In Europe, populism is still on the rise, while the long-awaited Brexit deal is still not in sight. Finally, China, which has been a key engine of the global economy over the past few decades, is facing severe challenges such as aggressive financial deleveraging and spillovers from the trade war with the United States. FocusEconomics Consensus Forecast panelists expect the global economy to expand 3.4% this year, which, if confirmed, would represent the strongest expansion in seven years. Panelists see global growth decelerating to 3.2% next year, which is unchanged from last month’s estimate. This month’s unrevised 2019 growth prospects for the global economy is the result of stable economic outlooks for the Eurozone and the United Kingdom. Meanwhile, Canada, Japan and the United States saw upward revisions to their growth forecasts. The Asia (ex-Japan) region is starting to feel the pinch from rising trade disputes, cooling growth in China and financial volatility, which is dragging on the region’s economic outlook for next year. Growth estimates for Eastern Europe are under strain owing to slowing growth in the European Union—a key trading partner— heightened volatility in the financial markets and fading fiscal stimulus in some large economies, including Turkey. While the economic outlook for Latin America for this year remains dim, next year growth should pick up as the economic recovery strengthens in key countries, especially Brazil. Despite higher oil prices, mounting geopolitical risks continue to dent growth prospects in the Middle East and North Africa. The economic recovery in Sub-Saharan Africa will gather steam in 2019 due to stronger performances by heavyweights Nigeria and South Africa.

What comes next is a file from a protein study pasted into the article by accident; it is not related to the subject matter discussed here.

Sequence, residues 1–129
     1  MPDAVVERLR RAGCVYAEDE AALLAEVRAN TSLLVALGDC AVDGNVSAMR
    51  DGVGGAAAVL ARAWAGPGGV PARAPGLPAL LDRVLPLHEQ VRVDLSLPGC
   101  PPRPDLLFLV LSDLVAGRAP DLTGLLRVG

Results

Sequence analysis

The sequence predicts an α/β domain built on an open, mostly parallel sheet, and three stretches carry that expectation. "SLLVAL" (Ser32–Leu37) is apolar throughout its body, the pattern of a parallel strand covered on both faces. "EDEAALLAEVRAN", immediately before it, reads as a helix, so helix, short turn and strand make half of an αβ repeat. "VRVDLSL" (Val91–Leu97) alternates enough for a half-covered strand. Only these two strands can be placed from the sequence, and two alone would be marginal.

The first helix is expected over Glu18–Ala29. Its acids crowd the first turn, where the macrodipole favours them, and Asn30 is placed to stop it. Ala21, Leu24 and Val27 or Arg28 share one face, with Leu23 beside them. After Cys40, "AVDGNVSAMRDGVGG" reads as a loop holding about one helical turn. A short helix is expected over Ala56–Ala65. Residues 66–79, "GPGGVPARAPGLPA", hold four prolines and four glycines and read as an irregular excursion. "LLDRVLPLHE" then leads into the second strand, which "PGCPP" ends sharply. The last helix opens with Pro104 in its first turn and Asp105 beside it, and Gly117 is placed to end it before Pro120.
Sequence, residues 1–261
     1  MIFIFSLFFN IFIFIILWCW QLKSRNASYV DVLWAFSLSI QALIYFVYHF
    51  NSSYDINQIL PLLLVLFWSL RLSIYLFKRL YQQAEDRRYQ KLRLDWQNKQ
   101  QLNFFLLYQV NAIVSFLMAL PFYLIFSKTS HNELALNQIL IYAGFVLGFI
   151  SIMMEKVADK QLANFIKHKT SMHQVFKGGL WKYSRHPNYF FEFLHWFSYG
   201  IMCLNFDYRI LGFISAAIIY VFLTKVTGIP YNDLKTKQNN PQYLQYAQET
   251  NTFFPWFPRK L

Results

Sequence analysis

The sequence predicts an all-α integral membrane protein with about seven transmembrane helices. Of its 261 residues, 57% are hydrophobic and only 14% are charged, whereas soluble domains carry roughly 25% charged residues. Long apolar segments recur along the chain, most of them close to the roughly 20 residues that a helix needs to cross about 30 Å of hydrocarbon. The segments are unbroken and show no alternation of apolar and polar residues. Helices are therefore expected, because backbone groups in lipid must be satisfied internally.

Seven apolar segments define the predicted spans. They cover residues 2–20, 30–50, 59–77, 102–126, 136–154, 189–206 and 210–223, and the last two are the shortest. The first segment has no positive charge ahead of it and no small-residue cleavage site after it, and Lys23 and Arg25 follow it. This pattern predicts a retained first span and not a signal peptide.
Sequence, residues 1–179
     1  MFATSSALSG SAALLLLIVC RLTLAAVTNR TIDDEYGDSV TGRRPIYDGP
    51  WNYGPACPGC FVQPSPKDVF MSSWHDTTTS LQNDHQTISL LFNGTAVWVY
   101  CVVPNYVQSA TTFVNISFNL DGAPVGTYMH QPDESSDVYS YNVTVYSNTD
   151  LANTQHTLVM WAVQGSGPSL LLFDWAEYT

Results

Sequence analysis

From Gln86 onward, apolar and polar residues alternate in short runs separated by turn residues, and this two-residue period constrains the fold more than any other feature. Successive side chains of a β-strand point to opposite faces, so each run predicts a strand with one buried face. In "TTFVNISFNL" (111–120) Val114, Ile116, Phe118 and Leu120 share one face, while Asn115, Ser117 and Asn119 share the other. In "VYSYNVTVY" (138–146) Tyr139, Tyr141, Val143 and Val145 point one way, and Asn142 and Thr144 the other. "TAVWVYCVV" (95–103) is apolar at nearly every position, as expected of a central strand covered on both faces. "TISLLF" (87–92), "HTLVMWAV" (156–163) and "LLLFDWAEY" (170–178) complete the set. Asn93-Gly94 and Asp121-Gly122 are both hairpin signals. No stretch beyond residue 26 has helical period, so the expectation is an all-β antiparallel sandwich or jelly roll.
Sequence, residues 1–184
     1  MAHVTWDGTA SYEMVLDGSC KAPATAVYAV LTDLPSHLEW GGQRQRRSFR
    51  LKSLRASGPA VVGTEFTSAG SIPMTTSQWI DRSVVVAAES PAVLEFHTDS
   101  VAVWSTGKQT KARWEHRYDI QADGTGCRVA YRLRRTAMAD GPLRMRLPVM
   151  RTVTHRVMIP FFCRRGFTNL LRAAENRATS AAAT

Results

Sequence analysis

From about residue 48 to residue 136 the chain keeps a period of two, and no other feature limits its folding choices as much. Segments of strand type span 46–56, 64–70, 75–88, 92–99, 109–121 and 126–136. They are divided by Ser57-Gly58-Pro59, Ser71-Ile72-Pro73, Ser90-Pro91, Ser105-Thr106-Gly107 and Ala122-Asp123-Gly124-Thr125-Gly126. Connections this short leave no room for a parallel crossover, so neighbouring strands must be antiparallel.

Overview Recent data suggests that economic dynamics remain soft in the third quarter following a weaker-than-expected second-quart...

Hong Kong Economic Outlook

Recent data suggests that economic dynamics remain soft in the third quarter following a weaker-than-expected second-quarter expansion. Growth in retail sales, a proxy for private consumption, fell to a six-month low in July on the back of rising external uncertainties and reduced tourist arrivals. Hong Kong’s Purchasing Managers’ Index remained in negative territory in August for the fifth month in a row as escalating trade tensions between China and the United States weigh on economic sentiment. Despite staying at historically low levels, the unemployment rate climbed to an eight-month high in August. Moreover, the island’s high-flying property market is losing steam and could experience a sharp correction in 2019 due to receding capital flows from China and tighter financial conditions.

Although economic growth will remain strong this year due to a robust domestic economy, risks are clearly skewed to the downside. A sharp economic downturn in China, spillovers from the trade war between China and the United States, a strengthening of the HKD against regional peers and higher interest rates all threaten to derail Hong Kong’s solid growth trajectory. FocusEconomics panelists expect growth of 3.6% in 2018 and 2.7% in 2019, which is down 0.1 percentage points from last month’s forecast. Inflation stabilized at June’s 2.4% in July. Rising energy prices and higher residential rents are expected to fan inflationary pressures in the coming months. Moreover, a tight labor market continues to push up domestic inflation. FocusEconomics panelists expect inflation to average 2.3% in both 2018 and 2019. The Hong Kong Monetary Authority (HKMA) manages the Hong Kong dollar within a tight tolerance band to the U.S. dollar, between 7.75 and 7.85 HKD per USD. In an attempt to support a weakening HKD, on 23 August the HKMA intervened in the foreign currency market once again, this time buying HKD 1.8 billion and selling USD 255 million. Panelists expect the island to maintain its current currency peg with the USD at least until the end of our forecast horizon in 2022.

Business Outlook